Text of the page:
Plot: Jung-won is stricken with a terminal illness and he doesn't have much time left. As his days become more limited, Jun-won takes it slow and enjoys life in all it's glorious aspects. One day, a parking-meter maid comes in and makes small talk with Jun-won. The small talks slowly become more personal and a relationship flourishes between the two. However, Jung-won, knowing his limited time, refuses to let Darim get too close. He knows that the relationship would take more time than he has left. Through his remaining days, he bonds with his family, friends, and most of all, Darim.
Awards and nominations: 1998 - Blue Dragon Award, Best Film 1998 - Flanders International Film Festival, FIPRESCI Prize - Special Mention, Jin-ho Hur - For its quiet and sublty detailed way of telling the story of a man facing death and thus rejecting the love and life, proposed to him by a young woman. 1998 - Pusan International Film Festival, FIPRESCI Prize - Special Mention, Jin-ho Hur - For its unusually delicate and touching way of treating a love story about fate, love and death. 1999 - Singapore International Film Festival, Nominated, Silver Screen Award - Best Asian Feature Film, Jin-ho Hur 1998 - Vancouver International Film Festival, Won, Dragons and Tigers Award - Special Citation, Jin-ho Hur 1999 - Verona Love Screens Film Festival, Nominated, Best Film, Jin-ho Hur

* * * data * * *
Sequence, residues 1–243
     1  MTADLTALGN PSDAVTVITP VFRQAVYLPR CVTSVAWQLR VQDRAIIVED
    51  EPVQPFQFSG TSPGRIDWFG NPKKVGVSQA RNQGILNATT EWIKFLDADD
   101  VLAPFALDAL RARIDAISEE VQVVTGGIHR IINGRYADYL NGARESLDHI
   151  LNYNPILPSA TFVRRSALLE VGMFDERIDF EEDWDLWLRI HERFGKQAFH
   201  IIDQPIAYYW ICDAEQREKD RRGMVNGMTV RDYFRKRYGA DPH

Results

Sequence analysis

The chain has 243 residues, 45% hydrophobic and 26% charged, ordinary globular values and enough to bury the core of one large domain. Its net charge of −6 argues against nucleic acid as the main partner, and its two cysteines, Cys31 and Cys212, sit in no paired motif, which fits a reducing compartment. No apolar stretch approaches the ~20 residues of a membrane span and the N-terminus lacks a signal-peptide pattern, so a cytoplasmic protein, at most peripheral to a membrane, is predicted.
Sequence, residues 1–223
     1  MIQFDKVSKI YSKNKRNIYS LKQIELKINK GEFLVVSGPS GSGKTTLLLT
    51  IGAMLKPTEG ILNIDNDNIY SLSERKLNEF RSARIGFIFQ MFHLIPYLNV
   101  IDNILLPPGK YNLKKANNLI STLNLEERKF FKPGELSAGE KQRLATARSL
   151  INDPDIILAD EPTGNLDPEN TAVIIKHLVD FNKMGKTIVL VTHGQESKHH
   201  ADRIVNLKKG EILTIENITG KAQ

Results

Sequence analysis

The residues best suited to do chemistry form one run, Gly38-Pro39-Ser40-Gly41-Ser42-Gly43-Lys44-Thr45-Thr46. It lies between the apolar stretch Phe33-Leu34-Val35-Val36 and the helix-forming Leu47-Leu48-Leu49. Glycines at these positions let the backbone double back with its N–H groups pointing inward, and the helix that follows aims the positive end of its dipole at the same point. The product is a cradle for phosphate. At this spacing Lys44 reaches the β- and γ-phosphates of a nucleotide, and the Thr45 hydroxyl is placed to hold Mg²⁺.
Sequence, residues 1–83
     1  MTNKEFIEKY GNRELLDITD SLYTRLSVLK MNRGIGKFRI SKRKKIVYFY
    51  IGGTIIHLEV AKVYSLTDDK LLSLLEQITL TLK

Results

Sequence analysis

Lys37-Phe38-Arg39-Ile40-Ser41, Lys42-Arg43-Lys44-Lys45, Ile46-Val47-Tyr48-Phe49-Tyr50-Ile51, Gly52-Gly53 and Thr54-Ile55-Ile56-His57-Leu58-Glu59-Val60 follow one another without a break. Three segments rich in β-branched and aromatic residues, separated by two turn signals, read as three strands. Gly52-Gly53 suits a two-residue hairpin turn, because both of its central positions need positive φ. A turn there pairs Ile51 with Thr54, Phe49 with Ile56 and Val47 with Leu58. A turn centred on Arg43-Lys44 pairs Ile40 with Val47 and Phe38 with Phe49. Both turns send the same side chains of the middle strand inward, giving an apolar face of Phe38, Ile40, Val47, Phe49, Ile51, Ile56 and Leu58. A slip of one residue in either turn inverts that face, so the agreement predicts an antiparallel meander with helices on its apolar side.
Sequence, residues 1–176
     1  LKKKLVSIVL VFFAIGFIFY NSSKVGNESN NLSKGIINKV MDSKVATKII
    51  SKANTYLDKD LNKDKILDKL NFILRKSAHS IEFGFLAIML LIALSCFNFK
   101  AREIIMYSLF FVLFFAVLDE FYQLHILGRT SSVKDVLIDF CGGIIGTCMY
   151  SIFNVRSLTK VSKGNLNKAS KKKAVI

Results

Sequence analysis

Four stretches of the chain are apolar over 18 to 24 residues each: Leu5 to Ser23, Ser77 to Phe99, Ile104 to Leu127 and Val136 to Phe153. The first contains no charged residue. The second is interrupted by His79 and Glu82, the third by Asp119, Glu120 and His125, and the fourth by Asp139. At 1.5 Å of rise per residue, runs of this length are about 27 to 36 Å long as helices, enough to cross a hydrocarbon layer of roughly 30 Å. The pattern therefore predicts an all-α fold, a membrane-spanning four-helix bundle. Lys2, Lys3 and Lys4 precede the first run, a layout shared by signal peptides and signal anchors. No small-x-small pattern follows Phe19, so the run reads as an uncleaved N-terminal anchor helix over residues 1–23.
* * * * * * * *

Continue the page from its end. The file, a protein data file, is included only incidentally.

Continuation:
«Despite the superlatives that usually accompany this film, CHRISTMAS IN AUGUST was a disappointment. Actually, my complaint is with the protagonist. Okay, so he was wearing the mask, laughing away when he should have been crying. Okay, so he did not dare let anyone know about his terminal illness (when he found out that it was such). Okay, maybe he wanted to spare Da-rim's feelings. (Did he, though? I never did find out what he wrote in that final letter to her.) Herein lies the problem, and it is not an artistic quibble, but rather a philosophical disagreement of such vehemence that it caused me to dislike the entire film.»
«CHRISTMAS IN AUGUST tackles one of the hardest aspects of life and gives it a somber beauty. Death isn't something to fear, but to embrace. Whether it be Jung-won sharing laughs with his friends or sharing a tender moment with his family, every aspect of Jung-won's life is relatable to our own. With the time he has left, he enjoys the everyday things most of us take for granted. These everyday things are enough to fulfill his inner needs. This film deserves every bit of praise it gets and teaches us a great lesson: Choose life, not death. »
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